(Quote) David-364112 said:
NO WE HAVE NOT BEEN TAUGHT THAT!!!! Why do people have such stilted and distorted views of mo...
(Quote) David-364112 said:
NO WE HAVE NOT BEEN TAUGHT THAT!!!! Why do people have such stilted and distorted views of moral theology? It's not your fault - we hear this kind of nonsense all the time from family members.
We are taught that remarriage after a divorce from a valid sacramental marriage is a sin. Being divorced is NOT a sin.
There are even certain extreme situations where divorce is morally imperative and where it would be wrong to remain married. Examples of this are a spouse who is physicially or sexually abusive. It is sinful to remain with such a person - especially if innocent children are suffering as a result.
David's statement, while technically correct, may easily be misinterpreted.
A sin is an act. Being divorced is a state, so being divorced cannot be a sin. However, obtaining a divorce is an act -- and in some situations may be sinful for the person initiating the divorce.
It is important to keep in mind that the Church's primary concern is the spiritual welfare of all men and, ultimately, their eternal salvation. Thus, they reflect God's moral laws (the natural law), not necessarily our temporal convenience (i.e., what is easiest for us in this life).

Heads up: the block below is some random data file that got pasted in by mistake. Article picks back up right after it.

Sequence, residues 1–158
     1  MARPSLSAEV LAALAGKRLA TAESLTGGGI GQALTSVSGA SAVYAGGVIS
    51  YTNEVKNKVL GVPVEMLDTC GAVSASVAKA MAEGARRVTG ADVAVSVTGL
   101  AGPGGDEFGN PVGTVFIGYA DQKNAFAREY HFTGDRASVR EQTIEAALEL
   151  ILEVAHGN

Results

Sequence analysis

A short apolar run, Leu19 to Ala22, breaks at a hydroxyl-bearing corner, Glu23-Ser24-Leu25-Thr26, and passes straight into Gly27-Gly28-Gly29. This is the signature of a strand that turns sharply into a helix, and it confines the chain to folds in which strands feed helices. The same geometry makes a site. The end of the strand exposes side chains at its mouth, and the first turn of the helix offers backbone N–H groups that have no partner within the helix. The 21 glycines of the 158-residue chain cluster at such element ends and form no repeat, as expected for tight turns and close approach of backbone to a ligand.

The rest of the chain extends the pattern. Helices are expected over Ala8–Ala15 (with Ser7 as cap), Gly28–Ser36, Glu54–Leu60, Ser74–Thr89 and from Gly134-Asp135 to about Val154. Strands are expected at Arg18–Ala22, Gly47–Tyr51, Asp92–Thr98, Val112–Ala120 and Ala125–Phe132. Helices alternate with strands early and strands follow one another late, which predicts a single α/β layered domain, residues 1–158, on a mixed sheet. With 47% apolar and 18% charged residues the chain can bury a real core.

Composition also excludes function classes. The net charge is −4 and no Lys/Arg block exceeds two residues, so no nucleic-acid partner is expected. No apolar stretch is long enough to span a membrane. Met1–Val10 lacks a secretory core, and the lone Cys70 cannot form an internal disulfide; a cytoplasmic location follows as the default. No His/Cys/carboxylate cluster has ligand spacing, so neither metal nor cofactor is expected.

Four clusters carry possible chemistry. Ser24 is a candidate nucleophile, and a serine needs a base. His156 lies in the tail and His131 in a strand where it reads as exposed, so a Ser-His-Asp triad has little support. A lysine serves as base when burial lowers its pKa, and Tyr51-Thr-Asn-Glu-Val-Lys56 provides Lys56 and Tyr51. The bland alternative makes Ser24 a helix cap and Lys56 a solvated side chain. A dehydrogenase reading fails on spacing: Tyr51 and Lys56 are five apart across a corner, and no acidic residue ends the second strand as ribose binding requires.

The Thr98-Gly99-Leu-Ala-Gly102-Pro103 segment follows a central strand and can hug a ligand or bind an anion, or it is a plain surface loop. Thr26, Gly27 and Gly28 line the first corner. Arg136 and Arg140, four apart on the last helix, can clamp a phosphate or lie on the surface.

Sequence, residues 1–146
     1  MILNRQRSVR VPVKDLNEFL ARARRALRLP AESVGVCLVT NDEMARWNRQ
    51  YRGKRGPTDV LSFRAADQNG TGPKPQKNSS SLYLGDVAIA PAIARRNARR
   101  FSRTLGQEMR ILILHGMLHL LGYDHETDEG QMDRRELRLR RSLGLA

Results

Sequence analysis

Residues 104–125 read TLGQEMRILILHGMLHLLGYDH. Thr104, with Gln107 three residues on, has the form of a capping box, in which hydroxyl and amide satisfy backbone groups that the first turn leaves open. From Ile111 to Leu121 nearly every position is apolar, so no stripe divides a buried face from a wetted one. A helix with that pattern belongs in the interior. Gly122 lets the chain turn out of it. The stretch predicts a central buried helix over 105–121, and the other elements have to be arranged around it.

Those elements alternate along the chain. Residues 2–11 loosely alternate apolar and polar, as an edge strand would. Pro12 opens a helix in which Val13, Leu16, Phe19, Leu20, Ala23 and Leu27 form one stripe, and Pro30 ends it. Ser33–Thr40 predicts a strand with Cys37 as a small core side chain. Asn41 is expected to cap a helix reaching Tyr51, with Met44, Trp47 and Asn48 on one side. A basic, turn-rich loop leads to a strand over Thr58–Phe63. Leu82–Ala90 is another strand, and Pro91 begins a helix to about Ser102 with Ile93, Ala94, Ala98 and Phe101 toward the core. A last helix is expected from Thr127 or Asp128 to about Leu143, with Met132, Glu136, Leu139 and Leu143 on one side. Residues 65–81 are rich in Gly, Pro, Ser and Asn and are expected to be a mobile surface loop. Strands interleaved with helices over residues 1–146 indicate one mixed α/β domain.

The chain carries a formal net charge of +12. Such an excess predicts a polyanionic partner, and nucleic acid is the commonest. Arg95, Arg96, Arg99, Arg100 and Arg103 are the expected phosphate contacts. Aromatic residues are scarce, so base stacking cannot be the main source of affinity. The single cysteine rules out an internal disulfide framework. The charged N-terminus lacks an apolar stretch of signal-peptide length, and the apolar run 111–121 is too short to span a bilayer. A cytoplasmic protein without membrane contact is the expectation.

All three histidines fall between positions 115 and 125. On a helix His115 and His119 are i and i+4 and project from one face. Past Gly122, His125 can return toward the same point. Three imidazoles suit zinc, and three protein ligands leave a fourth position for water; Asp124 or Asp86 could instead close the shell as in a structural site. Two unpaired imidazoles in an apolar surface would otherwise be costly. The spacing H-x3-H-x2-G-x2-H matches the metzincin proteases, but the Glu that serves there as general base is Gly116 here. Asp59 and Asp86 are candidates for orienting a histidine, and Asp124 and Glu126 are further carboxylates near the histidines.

Because of the risk of one or both spouses sinning against purity when the conjugal union is broken, either temporarily or permanently, there is a moral obligation to preserve that union whenever possible. In cases where this is not possible (which may be different than simply not desirable), especially where there is a danger to one or both spouses or the children, separations are permitted. Whenever possible, the separation should be temporary, during which time the spouses will work on correcting the problems that led to the separation and eventually reconcile. The Church does recognize that in some cases permanent separation, which may include a civil divorce for legal reasons, may be necessary; however, this option is morally valid only in extreme situations.
Obviously, when onespouse chooses to walk away from a marriage without just cause the other is not at fault for that decision: the innocent party is not morally accountable for that act.
A note on sacramental marriages:
For two baptized Christians, all valid marriages are sacramental and all sacramental marriages are valid.
When at least one spouse is not a baptized Christian, the marriage will never be sacramental (unless the person is subsequently baptized); however, it may be valid (i.e., a decree of nullity (aka an annulment) cannot be issued).
Valid non-sacramental marriages may, in some limited situations, be dissolved under the Petrine or Pauline privileges.
Valid sacramental marriages may only be dissolved if it can be proven they have not been consummated.